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Immigration Information

Immigrating to New Zealand with a dependent child (age 24 or under) with Down syndrome
Immigration New Zealand (INZ) must decide applications using government immigration instructions and legislation to minimise risk and maximise advantage to New Zealand.

INZ must make its decisions on the principles of fairness and natural justice.

Parents must first fulfil the requirements for the category under which they apply (Skilled Migrant Category, Business, Family or Temporary Entry - www.immigration.govt.nz has details of how to do this).

A standard medical certificate for each family member must be presented with the application. (The medical form may be downloaded from the INZ site.) Down syndrome must be declared because the medical form includes the questions:

"Do you have any physical, psychological, communication, developmental or intellectual disabilities which may affect your ability to earn a living or take full care of yourself now or in later life?"

"Are you receiving special support services?"

The medical certificate may be referred to an INZ-appointed Medical Assessor who will provide an assessment of whether the applicant has an acceptable standard of health for residence or temporary entry to New Zealand.

The objectives of immigration health instructions are to:

protect public health in New Zealand; and
ensure that people entering New Zealand do not impose excessive costs and demands on New Zealand's health and special education services; and
where applicable, ensure that applicants for entry to New Zealand are able to undertake the functions for which they have been granted entry.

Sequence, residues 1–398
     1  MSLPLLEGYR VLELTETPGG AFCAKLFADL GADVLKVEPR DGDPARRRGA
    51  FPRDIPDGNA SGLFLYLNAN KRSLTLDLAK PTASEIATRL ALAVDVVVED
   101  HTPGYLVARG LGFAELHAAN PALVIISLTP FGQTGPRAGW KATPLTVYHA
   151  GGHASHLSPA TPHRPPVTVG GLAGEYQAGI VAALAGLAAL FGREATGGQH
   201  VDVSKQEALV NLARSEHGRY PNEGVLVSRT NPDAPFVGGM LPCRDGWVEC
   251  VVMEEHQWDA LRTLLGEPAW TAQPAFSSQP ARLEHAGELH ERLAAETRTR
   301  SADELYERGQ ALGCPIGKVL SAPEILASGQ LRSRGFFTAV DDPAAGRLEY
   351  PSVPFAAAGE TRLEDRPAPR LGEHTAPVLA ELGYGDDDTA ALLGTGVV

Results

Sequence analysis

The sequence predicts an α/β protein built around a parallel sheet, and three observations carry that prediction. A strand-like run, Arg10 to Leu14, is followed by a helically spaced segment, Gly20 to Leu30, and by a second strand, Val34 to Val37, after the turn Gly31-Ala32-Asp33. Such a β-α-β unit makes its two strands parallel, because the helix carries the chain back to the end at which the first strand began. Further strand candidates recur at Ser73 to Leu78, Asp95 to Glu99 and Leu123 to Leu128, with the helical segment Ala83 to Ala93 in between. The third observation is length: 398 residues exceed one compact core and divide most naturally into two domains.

The second point (b) usually causes difficulties for children with Down syndrome. The decision will usually be delayed pending extra information being provided.

If an assessment is made that the applicant does not have an acceptable standard of health, they may be eligible for consideration for a medical waiver. When determining whether a medical waiver should be granted, an immigration officer must consider the circumstances of the applicant to decide whether they are compelling enough to justify allowing entry to, and/or a stay in New Zealand.

Please contact Immigration New Zealand for concerns about individual cases.
Changes to immigration requirements
In November 2012, the Government introduced a number of changes to its immigration requirements, including health screening.

The effect is likely to be that some disabled people with high-cost support needs who may have been able to come to live in New Zealand now may not be able to.

All migrants to New Zealand are expected to be of an acceptable standard of health. To assess whether a person applying for residency meets health requirements, there is a threshold for high cost health conditions and a list of common conditions which have been assessed as exceeding this threshold.
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